Finally heard, believed, and accepted: Peer support in the narratives of women with fibromyalgia – Source: Patient Education and Counseling, Mar 17, 2011

Objective: The aim of the present study was to analyze how experiences of peer support were described and reflected upon several years after a group rehabilitation intervention. Moreover, we wanted to learn more about what meanings were ascribed to peer support in the narratives of women with a long history of fibromyalgia.

Method: This was a qualitative study in which narrative life story interviews of 20 women with fibromyalgia were collected and analyzed to elicit the impact of peer support in their lives.

Results: We identified four main domains of experienced peer support:

• Permission to talk,

• Need of information,

• Reciprocity, and

• Self-evaluation through comparison.

The meanings ascribed to peer support were mainly positive, although the participants also expressed thoughts about fear of future, hopelessness and mental health issues.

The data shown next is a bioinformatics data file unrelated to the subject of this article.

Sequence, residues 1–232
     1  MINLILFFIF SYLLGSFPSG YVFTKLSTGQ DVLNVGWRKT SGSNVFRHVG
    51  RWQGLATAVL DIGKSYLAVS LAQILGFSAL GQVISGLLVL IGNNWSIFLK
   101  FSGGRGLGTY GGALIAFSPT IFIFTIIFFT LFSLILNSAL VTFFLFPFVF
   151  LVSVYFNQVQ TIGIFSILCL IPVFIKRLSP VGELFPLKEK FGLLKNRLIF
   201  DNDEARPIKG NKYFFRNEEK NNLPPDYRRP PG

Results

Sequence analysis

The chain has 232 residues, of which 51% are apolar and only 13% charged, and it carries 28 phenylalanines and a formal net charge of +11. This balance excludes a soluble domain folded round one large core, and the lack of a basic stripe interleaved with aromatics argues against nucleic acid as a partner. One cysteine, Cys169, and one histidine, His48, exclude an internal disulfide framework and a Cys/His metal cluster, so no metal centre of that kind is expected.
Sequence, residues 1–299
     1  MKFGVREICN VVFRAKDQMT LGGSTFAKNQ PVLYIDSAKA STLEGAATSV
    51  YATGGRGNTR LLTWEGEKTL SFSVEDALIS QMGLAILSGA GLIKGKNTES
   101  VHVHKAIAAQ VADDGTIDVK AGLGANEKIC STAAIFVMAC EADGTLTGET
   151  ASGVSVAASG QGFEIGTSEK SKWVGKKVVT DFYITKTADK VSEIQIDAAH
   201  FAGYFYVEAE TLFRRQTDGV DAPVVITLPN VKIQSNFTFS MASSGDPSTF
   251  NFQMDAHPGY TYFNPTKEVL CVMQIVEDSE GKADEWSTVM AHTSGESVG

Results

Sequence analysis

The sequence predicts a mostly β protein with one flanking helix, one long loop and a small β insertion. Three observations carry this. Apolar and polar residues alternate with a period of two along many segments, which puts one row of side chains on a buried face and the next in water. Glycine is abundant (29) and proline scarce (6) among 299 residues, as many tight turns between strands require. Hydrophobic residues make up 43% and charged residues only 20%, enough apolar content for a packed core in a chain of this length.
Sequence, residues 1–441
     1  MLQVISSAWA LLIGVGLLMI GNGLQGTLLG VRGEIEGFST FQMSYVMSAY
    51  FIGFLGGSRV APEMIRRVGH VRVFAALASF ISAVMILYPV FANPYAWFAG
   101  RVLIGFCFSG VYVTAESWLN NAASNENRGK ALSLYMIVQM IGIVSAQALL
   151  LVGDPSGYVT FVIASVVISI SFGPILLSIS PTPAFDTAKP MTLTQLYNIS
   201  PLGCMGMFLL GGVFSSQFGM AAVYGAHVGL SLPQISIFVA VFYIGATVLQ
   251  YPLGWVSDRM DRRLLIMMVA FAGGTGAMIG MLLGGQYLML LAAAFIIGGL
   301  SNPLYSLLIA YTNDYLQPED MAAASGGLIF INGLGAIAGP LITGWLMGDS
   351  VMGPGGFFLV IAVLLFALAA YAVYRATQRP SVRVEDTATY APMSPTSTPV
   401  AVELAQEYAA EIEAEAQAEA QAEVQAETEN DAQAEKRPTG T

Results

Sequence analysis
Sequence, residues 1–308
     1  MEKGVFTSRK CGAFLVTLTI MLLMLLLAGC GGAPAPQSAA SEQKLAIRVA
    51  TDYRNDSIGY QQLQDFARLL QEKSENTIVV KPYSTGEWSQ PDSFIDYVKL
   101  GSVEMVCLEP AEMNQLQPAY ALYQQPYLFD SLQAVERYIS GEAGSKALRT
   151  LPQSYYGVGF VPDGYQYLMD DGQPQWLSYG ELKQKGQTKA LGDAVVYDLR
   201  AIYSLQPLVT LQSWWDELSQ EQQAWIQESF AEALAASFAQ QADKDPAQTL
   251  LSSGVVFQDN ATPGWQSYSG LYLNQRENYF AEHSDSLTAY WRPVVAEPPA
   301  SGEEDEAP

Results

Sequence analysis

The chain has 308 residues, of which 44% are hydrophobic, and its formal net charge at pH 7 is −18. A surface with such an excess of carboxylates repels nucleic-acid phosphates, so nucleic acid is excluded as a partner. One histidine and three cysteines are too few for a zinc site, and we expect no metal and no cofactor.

Conclusions:
Long-term fibromyalgia patients saw peer support as an impetus to an ongoing process of reconstruction of identity, illness acceptance and coping with fibromyalgia.

Practice Implications: In addition to updating their knowledge about fibromyalgia and its treatment, long term patients may need arenas where they can share and compare their experiences to those of other patients with a long history of fibromyalgia.

Source: Patient Education and Counseling, Mar 17, 2011. PMID: 21419588, by Sallinen M, Kukkurainen ML, Peltokallio L. Satakunta University of Applied Sciences, Pori, Finland.

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